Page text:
Wednesday, February 27, 2013

New Book Project

I'm afraid I got sidetracked by a move to Poestenkill and a change of jobs. With my deepest apologies for the long gap in posting, here's my new blog project:

The Billiard Table Makers
The Victorian-era billiard business is an interesting chapter in the industrial history of Syracuse and New York State. I'm researching the billiard table makers – the artists and craftsmen who were also entrepreneurs and innovators, manufacturing a unique product that was both ornamental and functional. 

The plan is to write a book that will be an "industrial biography" of the Syracuse Billiard Table Makers.

Friday, December 9, 2011

Local Artisans on Artfire

Wednesday, October 26, 2011

Lansing Park

In the early 1930’s, William Yates Lansing purchased a half interest in the Chester G. Ham coal business, at the end of Central and Forbes Avenues, along the Hudson River in Rensselaer, NY.

Lansing acquired full control of the business two years later, and his coal, lumber and hardware business operated in Rensselaer for decades.

Lansing grew up on a farm in Glen, Montgomery County. From Lansing's biography in "Troy and Rensselaer County, New York, a History" (1925, pg. 120):

In addition to all his other interests, Mr. Lansing is a practical farmer. He never ceased to enjoy farm life and agricultural work, and not long after he came to Rensselaer, he purchased a small farm comprising several acres of the finest agricultural land in the county.

Lansing bought part of the old Van Rensselaer farm on the southerly side of Forbes Ave., where he had a large home with a pond for ducks and swans. Lansing also owned land across the street in the Little Farms neighborhood. At his “Gypsy Camp Farm”, Lansing bred White Holland turkeys and White Plymouth Rock chickens.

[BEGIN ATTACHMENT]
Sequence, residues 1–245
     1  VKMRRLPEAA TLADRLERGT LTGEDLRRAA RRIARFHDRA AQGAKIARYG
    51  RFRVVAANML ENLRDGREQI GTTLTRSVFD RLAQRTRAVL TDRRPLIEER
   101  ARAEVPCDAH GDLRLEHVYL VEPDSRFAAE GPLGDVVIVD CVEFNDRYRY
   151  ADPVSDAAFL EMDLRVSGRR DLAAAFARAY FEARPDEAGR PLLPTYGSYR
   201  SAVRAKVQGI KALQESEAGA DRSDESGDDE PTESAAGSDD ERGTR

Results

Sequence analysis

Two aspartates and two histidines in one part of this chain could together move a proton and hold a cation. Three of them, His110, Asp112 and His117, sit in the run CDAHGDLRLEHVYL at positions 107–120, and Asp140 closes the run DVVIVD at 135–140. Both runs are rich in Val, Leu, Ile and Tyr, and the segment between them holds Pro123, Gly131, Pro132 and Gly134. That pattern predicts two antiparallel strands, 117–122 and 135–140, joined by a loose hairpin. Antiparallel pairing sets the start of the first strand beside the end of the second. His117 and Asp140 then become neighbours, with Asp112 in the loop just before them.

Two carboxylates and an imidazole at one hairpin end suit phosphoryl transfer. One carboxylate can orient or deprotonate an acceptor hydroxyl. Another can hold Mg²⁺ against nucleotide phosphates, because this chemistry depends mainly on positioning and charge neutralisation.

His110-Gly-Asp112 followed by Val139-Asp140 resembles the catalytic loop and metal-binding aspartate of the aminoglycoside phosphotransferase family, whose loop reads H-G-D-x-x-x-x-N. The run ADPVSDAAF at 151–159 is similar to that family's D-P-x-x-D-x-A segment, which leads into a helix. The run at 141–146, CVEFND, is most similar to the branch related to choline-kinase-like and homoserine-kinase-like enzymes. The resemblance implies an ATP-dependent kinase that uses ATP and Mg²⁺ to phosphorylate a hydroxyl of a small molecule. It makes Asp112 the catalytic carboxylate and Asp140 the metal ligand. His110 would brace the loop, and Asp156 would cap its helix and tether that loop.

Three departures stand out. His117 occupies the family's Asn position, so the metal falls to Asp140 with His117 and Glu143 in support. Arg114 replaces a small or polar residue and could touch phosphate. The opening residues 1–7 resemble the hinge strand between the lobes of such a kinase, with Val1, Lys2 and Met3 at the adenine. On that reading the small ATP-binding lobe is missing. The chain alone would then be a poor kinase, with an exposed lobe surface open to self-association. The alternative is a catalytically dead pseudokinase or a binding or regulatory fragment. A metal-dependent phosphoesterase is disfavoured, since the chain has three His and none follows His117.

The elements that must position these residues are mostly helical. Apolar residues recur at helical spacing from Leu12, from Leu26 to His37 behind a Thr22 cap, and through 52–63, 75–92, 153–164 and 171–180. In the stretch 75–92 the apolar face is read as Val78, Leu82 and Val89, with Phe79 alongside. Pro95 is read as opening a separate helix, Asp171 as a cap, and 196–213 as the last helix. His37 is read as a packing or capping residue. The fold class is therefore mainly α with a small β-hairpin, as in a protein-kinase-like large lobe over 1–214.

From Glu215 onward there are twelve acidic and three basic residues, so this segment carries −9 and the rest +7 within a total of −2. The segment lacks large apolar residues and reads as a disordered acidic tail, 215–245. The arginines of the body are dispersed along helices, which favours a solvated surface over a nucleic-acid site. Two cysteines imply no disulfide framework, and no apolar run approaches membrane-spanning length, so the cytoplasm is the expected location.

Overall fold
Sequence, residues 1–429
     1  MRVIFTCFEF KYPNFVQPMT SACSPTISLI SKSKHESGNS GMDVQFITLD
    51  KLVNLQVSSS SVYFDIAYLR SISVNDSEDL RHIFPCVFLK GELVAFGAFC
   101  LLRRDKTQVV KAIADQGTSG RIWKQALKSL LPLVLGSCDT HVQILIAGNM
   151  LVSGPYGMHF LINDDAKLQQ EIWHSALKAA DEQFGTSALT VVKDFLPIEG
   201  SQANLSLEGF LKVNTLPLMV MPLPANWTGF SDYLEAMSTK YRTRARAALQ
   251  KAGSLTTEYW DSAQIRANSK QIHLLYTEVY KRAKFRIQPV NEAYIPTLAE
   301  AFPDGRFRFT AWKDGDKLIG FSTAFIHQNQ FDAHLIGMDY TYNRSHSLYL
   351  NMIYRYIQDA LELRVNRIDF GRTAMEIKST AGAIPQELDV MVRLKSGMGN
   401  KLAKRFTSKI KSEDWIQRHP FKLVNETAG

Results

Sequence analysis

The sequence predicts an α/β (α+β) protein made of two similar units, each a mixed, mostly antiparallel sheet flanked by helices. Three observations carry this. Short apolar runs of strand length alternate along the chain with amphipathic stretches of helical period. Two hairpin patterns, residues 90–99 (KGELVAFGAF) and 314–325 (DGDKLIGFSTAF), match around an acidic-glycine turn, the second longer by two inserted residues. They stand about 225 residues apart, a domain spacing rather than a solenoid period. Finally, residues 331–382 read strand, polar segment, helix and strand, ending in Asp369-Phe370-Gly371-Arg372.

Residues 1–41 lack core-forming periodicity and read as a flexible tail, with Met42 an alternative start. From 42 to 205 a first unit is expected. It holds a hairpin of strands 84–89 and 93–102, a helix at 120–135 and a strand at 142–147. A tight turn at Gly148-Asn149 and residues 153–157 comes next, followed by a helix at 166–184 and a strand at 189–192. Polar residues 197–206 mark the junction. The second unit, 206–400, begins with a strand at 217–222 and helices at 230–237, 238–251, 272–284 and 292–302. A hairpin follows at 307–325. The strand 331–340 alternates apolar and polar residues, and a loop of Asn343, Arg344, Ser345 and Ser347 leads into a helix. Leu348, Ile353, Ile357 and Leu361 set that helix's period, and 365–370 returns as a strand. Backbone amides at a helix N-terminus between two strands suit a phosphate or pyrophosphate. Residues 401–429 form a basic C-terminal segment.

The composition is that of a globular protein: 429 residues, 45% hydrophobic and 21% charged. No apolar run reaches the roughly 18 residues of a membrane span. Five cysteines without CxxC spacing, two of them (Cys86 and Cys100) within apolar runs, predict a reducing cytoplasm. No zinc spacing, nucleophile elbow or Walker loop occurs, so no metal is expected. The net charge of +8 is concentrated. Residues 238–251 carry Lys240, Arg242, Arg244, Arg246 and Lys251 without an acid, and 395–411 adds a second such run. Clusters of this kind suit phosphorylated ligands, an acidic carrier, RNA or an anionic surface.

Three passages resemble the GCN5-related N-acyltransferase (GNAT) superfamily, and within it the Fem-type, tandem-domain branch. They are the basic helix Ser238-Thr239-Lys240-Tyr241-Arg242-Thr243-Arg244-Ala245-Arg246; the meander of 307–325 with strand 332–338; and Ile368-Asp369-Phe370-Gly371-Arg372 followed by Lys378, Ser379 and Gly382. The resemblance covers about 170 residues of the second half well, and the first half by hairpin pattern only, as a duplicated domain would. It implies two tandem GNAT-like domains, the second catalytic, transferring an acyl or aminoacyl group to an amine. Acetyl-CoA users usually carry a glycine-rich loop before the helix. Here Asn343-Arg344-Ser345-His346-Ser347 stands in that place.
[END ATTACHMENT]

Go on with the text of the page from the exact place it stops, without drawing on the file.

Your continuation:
In the 1930’s, Lansing even raised and sold peacocks, which must have been quite a sight. From the Geneva Daily Times, June 1, 1936:

W. Yates Lansing, who owns a peacock farm near here, said today he believed it to be the only one of its kind in New York State. There are 31 peacocks, mallard ducks and two swans on the farm. Most of the peacocks are of the blue, or common type, but included in the flock are two white ones and two green birds, the latter imported from Java. Lansing said the birds are no more trouble to raise than turkeys.

W. Yates Lansing died in 1938, and the land south of Washington Ave. was subdivided to become Lansing Park in 1947. The streets are Hazel, William, and Wallace Terraces, and Farley Drive, which was formerly known as Lansing Drive. Hazel Terrace was likely named for Lansing’s second wife Hazel, but the origin of the other names is uncertain. Does anyone know more?

This is final part of the series: North End Park Neighborhoods (download this as a free PDF here)

Wednesday, October 12, 2011

"My River Chronicles" by Jessica DuLong

I was disappointed to miss the Waterford Tugboat Roundup this year (canceled due to Hurricane Irene). But this book more than made up for it - I highly recommend putting it on your holiday wish list.

My River Chronicles
Rediscovering America on the Hudson
Jessica DuLong

From the inside flap:

In 2001, journalist Jessica DuLong ditched her dot-com desk job for the diesel engines of a rusty antique fireboat, the John J. Harvey, and the storied waters of the Hudson River.